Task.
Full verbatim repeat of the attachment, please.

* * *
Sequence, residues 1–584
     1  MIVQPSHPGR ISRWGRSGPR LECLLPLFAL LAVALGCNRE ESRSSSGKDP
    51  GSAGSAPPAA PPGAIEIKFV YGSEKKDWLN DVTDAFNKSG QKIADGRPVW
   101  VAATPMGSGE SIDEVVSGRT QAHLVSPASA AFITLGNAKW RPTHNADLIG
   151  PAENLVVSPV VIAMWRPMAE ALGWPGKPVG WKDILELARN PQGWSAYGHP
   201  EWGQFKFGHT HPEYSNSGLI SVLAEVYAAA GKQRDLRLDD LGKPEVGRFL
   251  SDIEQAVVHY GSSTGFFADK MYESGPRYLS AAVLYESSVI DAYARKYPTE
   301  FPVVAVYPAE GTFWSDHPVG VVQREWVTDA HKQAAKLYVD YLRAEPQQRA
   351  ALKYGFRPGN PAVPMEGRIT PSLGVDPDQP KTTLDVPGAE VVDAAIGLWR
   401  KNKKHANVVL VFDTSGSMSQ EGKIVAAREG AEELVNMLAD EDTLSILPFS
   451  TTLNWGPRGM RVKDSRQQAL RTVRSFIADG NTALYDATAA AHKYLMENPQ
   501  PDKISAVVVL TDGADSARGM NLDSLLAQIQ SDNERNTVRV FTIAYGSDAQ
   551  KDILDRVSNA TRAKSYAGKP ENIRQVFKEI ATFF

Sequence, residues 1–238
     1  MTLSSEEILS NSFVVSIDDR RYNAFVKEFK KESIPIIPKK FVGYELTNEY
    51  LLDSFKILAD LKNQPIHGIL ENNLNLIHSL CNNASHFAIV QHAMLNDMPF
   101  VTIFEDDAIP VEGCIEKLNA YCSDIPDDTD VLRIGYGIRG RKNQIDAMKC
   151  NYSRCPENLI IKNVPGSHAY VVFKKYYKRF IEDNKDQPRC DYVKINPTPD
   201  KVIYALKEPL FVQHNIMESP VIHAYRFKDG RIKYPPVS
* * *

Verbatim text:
Sequence, residues 1–584
     1  MIVQPSHPGR ISRWGRSGPR LECLLPLFAL LAVALGCNRE ESRSSSGKDP
    51  GSAGSAPPAA PPGAIEIKFV YGSEKKDWLN DVTDAFNKSG QKIADGRPVW
   101  VAATPMGSGE SIDEVVSGRT QAHLVSPASA AFITLGNAKW RPTHNADLIG
   151  PAENLVVSPV VIAMWRPMAE ALGWPGKPVG WKDILELARN PQGWSAYGHP
   201  EWGQFKFGHT HPEYSNSGLI SVLAEVYAAA GKQRDLRLDD LGKPEVGRFL
   251  SDIEQAVVHY GSSTGFFADK MYESGPRYLS AAVLYESSVI DAYARKYPTE
   301  FPVVAVYPAE GTFWSDHPVG VVQREWVTDA HKQAAKLYVD YLRAEPQQRA
   351  ALKYGFRPGN PAVPMEGRIT PSLGVDPDQP KTTLDVPGAE VVDAAIGLWR
   401  KNKKHANVVL VFDTSGSMSQ EGKIVAAREG AEELVNMLAD EDTLSILPFS
   451  TTLNWGPRGM RVKDSRQQAL RTVRSFIADG NTALYDATAA AHKYLMENPQ
   501  PDKISAVVVL TDGADSARGM NLDSLLAQIQ SDNERNTVRV FTIAYGSDAQ
   551  KDILDRVSNA TRAKSYAGKP ENIRQVFKEI ATFF

Sequence, residues 1–238
     1  MTLSSEEILS NSFVVSIDDR RYNAFVKEFK KESIPIIPKK FVGYELTNEY
    51  LLDSFKILAD LKNQPIHGIL ENNLNLIHSL CNNASHFAIV QHAMLNDMPF
   101  VTIFEDDAIP VEGCIEKLNA YCSDIPDDTD VLRIGYGIRG RKNQIDAMKC
   151  NYSRCPENLI IKNVPGSHAY VVFKKYYKRF IEDNKDQPRC DYVKINPTPD
   201  KVIYALKEPL FVQHNIMESP VIHAYRFKDG RIKYPPVS